Effects on Brand Choice
Do We Learn?
Experience is the best teacher. These are common words of wisdom.
Noting this, marketing managers that enter into new markets often
use exploratory research to learn about the market. Methods with
roots in ethnography, such as contextual inquiry, help management
learn about consumers by experiencing what they think and do in
an information rich environment. These findings are then digested
and the resulting insights help guide future decisions in brand
turns out consumers act in quite a similar manner when making
purchase decisions in a product category that is new to them.
Consumers learn through experiences and their choices evolve as
they become more knowledgeable about a product category. This
is an important concept for managers. Knowing that consumer preferences
evolve is instrumental in helping managers design offers and marketing
programs that co-evolve with the customer. In addition, knowing
when customers needs change helps management better understand
how to value their customer base, by providing supporting information
for equating lifetime customer value assessments.
Types of Offers Carry Experience Effects?
all offers are evaluated the same. It is inherently easier for
consumers to discern the level of quality for some types of offers
than others. Some products can be evaluated prior to purchase,
whereas others cannot. Various goods can be categorized as being
search goods, experience goods, or credence goods.
goods are products for which it we are able to observe the
quality of the product through inspection. Clothing is an example,
as with clothes you are able feel them, examine the colors and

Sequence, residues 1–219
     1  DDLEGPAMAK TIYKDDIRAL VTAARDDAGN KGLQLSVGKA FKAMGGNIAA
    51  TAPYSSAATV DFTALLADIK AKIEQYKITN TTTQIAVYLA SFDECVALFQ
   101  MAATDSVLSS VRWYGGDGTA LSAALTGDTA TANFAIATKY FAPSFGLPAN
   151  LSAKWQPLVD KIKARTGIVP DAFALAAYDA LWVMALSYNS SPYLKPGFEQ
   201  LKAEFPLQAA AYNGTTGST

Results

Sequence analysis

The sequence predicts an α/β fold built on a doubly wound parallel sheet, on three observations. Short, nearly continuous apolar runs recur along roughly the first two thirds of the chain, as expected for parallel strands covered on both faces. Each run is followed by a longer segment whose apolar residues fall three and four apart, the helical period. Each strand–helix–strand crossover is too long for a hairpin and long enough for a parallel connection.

styles, and to try them on before buying them to see if they fit.
goods require experience in use before the product quality
is ascertainable. For example, it is hard to tell if you will
like a song before you hear it. Even if it is described for you
as to which style, how many musicians, and what types of instruments
they play, it is still difficult to predict if you will really
like the song before hearing it. For experience goods people will
often seek "surrogate experience" - the experience of
others - to understand the quality. This is why we have movie
reviews in just about every major newspaper.
credence goods the quality of the offer is difficult to
distinguish even after the purchase and consumption by the customer.
This is because the customer lacks the expertise to judge the
quality of the outcomes. For example, if you see a doctor for
an affliction it is hard to know, without medical expertise, how
good the doctor's diagnosis and treatment actually is. In general
there is a tendency for service goods to be more on the credence
end of the spectrum than tangible goods. Noting this categorization
of various offers, experience effects on brand choice are most
important for experience goods.
Evolution of Choice
Evolution of Brand Preferences and Choice Behaviors of Consumers
New to a Market," a paper I co-authored with Carrie Heilman
(University of Virginia) and Gordon Wright (Purdue University),